(nbdkit ≥ 1.14)

Selects which TLS mode to use with the server. If no other tls option is present, this defaults to "off", where the client does not attempt encryption (and may be rejected by a server that requires it). If omitted but another tls option is present, this defaults to "on", where the client opportunistically attempts a TLS handshake, but will continue running unencrypted if the server does not support encryption. If set to "require" or if the "uri" parameter is used with a scheme that requires encryption (such as "nbds://host"), then this requires an encrypted connection to the server.

The "tls" parameter is only available when the plugin was compiled against libnbd with TLS support; "nbdkit --dump-plugin nbd" will contain "libnbd_tls=1" if this is the case. Note the difference between --tls=... controlling what nbdkit serves, and "tls=..." controlling what the nbd plugin connects to as a client.

(nbdkit ≥ 1.14)

This specifies the directory containing X.509 client certificates to present to the server.

(nbdkit ≥ 1.14)

Setting this parameter to false disables server name verification, which opens you to potential Man-in-the-Middle (MITM) attacks, but allows for a simpler setup for distributing certificates.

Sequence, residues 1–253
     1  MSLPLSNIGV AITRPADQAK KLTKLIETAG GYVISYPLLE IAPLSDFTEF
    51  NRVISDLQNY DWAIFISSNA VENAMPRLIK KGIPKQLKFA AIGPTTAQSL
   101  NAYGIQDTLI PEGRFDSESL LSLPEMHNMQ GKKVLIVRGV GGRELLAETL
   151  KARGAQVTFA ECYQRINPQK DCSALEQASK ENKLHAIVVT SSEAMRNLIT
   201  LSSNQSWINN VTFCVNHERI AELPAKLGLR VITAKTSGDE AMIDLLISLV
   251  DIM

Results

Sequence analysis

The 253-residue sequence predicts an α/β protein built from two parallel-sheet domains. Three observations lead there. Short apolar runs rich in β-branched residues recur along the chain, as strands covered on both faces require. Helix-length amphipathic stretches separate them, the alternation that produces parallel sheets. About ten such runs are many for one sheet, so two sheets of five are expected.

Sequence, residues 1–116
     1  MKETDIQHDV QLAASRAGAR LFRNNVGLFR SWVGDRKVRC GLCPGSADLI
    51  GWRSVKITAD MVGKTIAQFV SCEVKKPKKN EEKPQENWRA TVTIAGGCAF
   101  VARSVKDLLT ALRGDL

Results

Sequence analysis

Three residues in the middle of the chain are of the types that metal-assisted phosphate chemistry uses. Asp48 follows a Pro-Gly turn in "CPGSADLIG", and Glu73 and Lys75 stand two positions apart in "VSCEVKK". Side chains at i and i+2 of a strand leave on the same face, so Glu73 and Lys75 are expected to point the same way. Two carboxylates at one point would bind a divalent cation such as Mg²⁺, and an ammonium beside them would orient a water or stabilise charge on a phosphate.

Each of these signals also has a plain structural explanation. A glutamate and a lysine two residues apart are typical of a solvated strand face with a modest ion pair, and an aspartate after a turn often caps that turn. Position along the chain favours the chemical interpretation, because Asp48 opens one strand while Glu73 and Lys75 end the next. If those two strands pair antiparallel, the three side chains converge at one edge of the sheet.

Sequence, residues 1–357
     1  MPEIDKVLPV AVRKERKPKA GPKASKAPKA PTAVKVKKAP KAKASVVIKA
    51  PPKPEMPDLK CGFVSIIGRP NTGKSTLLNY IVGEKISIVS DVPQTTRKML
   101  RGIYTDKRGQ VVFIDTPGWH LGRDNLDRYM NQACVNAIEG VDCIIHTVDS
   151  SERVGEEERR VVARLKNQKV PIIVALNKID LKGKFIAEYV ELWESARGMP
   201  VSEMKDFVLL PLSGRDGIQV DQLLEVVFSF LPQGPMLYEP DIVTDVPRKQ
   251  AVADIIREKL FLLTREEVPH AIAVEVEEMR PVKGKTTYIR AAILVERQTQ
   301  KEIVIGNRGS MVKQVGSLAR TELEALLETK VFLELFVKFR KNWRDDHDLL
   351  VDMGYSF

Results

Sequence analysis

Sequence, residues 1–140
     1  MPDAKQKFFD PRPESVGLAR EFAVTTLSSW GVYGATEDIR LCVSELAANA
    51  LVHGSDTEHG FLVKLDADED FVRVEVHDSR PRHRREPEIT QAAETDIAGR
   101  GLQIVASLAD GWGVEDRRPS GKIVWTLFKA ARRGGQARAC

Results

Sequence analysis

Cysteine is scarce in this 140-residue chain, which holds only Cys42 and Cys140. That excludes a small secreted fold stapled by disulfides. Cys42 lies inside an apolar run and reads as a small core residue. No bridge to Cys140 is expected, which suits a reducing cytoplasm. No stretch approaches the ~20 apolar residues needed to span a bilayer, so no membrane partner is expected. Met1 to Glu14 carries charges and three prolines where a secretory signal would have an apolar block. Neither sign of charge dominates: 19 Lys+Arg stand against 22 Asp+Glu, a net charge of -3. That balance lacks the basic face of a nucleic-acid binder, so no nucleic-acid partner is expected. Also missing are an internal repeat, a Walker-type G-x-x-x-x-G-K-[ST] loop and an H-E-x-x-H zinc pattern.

(nbdkit ≥ 1.14)

If provided, this overrides the user name to present to the server alongside the certificate.

(nbdkit ≥ 1.14)

If provided, this is the filename containing the Pre-Shared Keys (PSK) to present to the server. While this is easier to set up than X.509, it requires that the PSK file be transmitted over a secure channel.

EXAMPLES

Convert oldstyle server to encrypted newstyle

Expose the contents of an export served by an old style server over a Unix socket to TCP network clients that only want to consume encrypted data. Use --exit-with-parent to clean up nbdkit at the same time that the old server exits.

 ( sock=`mktemp -u`
   nbdkit --exit-with-parent --tls=require nbd socket=$sock &
   exec /path/to/oldserver --socket=$sock )

 ┌────────────┐   TLS    ┌────────┐  plaintext  ┌────────────┐
 │ new client │ ────────▶│ nbdkit │ ───────────▶│ old server │
 └────────────┘   TCP    └────────┘    Unix     └────────────┘

Use qemu-nbd to open a qcow2 file

Run qemu-nbd as the server, allowing you to read and write qcow2 files (since nbdkit does not have a native qcow2 plugin). This allows you to use nbdkit filters on top, see the next example.

 nbdkit nbd command=qemu-nbd arg=-f arg=qcow2 arg=/path/to/image.qcow2

qemu-nbd is cleaned up when nbdkit exits.

Add nbdkit-partition-filter to qemu-nbd

Combine nbdkit-partition-filter(1) with qemu-nbd(8)’s ability to visit qcow2 files:

 nbdkit --filter=partition nbd \
        command=qemu-nbd arg=-f arg=qcow2 arg=/path/to/image.qcow2 \
        partition=1

This performs the same task as the deprecated qemu-nbd -P option: